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Thread: Rhinelanders and Franconians

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    Senior Member Plantagenet's Avatar
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    Rhinelanders and Franconians

    I am curious if anyone can inform me what the principal Germanic and/or Celtic tribes that inhabited the regions of the Rhineland and Franconia were. I've read a few different answers depending on the source, so I hope someone who is knowledgeable about this subject can provide me with some answers.

    If possible, I would also like to know as much as I can about these two groups. For any Germans that are on this forum, what are you personal experiences with people from these regions? What would you say makes them distinct from other Germans? What would you say the average appearance or most common sub-race of these two regions would be? Really any information you can provide will be highly appreciated.

    To be even more specific, I would love to know as much as I can about the people that inhabited and currently inhabit the areas around Bad Dürkheim district in the Rhineland-Pfalz and the area of Unterfranken in Franconia.

    Thanks!

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    Quote Originally Posted by Plantagenet View Post
    I am curious if anyone can inform me what the principal Germanic and/or Celtic tribes that inhabited the regions of the Rhineland and Franconia were.
    Well. As we see from this map we have a good outline of the patchwork of tribes which inhabited the Rhine area in the West.

    When I think Rhineland tribes I think of the
    Celtic: Treverii (cognate of Trier), Eubrones, Triboci, and Nemetes
    German: Ubii, Suebii, Vangiones, and Chatti
    These were of course prevalent in the times of Caesar and the following years, but during the Migration Era onwards, these tribes were probably either assimilated into larger tribes such as the Franks or driven out completely.
    My fathers side of the family hails from the Rhineland, more specifically on the Moselle, just north of Trier.

    As for Franconia, I now next to nothing about specifically. My German teacher in high school was from Bamberg in Franconia though
    She told us that certain men from Bamberg were known as "pregnant men" due to their large beer bellies. So much for relevant information.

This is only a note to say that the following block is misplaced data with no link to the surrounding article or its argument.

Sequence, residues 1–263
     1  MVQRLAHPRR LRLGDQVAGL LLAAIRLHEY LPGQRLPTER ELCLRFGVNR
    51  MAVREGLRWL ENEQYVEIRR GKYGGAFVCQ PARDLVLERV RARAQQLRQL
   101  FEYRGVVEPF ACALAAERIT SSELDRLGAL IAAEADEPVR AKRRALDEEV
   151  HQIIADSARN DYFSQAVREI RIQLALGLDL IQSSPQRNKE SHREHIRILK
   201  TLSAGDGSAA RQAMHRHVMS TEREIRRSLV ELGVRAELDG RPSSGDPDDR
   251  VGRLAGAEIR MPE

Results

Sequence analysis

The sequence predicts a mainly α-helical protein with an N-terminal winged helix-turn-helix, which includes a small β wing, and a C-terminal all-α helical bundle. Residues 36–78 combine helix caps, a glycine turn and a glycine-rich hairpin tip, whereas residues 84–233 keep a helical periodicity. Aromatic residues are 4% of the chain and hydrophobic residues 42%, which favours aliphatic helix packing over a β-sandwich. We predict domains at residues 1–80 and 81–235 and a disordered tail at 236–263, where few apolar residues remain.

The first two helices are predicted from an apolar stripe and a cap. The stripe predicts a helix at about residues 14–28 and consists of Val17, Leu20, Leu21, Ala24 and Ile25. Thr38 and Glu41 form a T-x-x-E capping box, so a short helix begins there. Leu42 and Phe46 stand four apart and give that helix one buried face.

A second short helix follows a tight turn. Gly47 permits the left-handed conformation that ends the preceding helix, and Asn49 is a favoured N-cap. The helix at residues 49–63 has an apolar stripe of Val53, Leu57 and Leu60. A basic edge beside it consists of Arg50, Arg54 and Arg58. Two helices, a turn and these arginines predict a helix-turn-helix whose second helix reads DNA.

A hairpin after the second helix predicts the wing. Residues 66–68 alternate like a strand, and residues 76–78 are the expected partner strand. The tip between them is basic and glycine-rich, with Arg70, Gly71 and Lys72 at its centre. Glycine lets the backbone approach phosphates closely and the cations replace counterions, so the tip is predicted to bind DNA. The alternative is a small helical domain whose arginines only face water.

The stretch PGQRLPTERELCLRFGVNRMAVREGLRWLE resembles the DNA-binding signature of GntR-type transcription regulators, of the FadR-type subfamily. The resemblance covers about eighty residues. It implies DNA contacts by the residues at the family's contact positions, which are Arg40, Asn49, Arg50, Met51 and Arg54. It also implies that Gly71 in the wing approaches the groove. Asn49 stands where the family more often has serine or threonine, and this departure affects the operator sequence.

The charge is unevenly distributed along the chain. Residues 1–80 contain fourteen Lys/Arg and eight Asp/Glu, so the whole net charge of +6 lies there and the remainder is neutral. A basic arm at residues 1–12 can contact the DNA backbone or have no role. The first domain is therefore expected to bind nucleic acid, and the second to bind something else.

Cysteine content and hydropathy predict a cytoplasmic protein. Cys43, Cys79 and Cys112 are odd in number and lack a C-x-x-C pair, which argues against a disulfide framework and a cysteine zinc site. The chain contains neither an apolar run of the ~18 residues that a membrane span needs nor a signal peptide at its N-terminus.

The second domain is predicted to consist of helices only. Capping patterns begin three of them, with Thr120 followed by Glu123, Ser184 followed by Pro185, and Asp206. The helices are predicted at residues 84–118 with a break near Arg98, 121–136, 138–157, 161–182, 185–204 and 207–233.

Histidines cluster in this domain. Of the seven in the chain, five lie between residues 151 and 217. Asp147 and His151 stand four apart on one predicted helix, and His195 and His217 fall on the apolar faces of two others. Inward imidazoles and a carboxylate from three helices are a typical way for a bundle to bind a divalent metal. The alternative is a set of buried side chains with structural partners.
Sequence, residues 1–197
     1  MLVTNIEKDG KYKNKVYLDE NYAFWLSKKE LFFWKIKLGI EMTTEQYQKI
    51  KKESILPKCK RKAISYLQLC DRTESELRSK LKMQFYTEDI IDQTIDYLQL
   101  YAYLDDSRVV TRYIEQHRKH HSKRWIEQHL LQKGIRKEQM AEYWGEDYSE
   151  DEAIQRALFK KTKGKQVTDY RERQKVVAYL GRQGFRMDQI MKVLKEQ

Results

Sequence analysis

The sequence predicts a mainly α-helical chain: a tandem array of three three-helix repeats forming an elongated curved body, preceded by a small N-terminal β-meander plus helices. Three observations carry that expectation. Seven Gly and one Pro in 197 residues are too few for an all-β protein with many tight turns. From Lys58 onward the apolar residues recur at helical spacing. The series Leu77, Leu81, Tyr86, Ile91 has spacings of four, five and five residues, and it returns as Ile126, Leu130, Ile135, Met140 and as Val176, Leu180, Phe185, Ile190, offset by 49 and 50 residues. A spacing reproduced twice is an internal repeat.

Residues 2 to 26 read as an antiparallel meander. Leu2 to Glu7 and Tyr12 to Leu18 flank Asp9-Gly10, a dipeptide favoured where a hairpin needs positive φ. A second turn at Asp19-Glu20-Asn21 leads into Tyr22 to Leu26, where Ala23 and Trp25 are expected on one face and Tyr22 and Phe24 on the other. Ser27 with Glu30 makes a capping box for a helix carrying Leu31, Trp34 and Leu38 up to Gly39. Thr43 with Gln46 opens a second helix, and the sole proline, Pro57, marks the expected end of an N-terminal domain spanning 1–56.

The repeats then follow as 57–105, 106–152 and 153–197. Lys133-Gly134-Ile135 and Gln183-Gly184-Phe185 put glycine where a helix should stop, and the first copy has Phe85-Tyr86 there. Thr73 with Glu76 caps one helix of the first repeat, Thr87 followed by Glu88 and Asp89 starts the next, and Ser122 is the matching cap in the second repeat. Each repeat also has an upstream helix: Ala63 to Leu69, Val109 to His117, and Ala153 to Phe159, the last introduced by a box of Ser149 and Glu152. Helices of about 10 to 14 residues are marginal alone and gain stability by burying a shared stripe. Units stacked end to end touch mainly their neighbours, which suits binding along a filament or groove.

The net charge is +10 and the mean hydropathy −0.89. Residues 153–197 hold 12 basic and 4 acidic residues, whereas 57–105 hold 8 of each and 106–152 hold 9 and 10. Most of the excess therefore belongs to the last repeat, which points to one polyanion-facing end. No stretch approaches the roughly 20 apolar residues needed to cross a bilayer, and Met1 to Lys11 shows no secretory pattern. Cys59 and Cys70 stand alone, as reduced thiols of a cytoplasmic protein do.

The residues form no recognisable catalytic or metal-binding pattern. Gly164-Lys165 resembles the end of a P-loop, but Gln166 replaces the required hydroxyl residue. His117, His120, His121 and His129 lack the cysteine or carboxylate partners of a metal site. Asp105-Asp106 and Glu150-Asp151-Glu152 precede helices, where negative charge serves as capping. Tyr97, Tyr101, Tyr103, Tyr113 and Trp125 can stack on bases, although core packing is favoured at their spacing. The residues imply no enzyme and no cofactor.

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    At the earliest historical period, the territories between the Ardennes and the Rhine were occupied by the Treveri, the Eburones and other Celtic tribes, who, however, were all more or less modified and influenced by their Germanic neighbours. On the right bank of the Rhine, between the Main and the Lahn, were the settlements of the Mattiaci, a branch of the Germanic Chatti, while farther to the north were the Usipetes and Tencteri.

    This is all from Wikipedia, but it's still good historical information.

    Also, Franconia=Franks

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    Senior Member MaximusMagnus's Avatar
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    In the Rea of North Rhine westphallian there were no celtic tribes at the time of Ceaser. They were German Tribes, and Rome encouraged more to move in they depopulated the Guals in the area hoping to use Germans as a bulwark against Germans

    There were Ubii, Batavii and other German tribes that were settled on the Roman side of the rhine. They were eventually part of the sallain Frank Confederation

    Further south you have the Chatti who merged with the Ripurian franks

    Franonia really didn't have any Franks in it. They were conqurerd by the Franks and Frankish Nobles ruled the area. However ethnic Frakish people never really went further south than Cologne.

    That area of Franconia also the Franch an Alscase are of the some German stock was made up of Alamanni, Thurngi and Swabians. Funny story about some of the tribes that made up the German tribes there--apparently they had large manhoods/Phalus and the Romans would cut it of the dead Germans in that area abd take them back as war prizes

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    Mein Glaube ist die Liebe zu meinem Volk. Juthunge's Avatar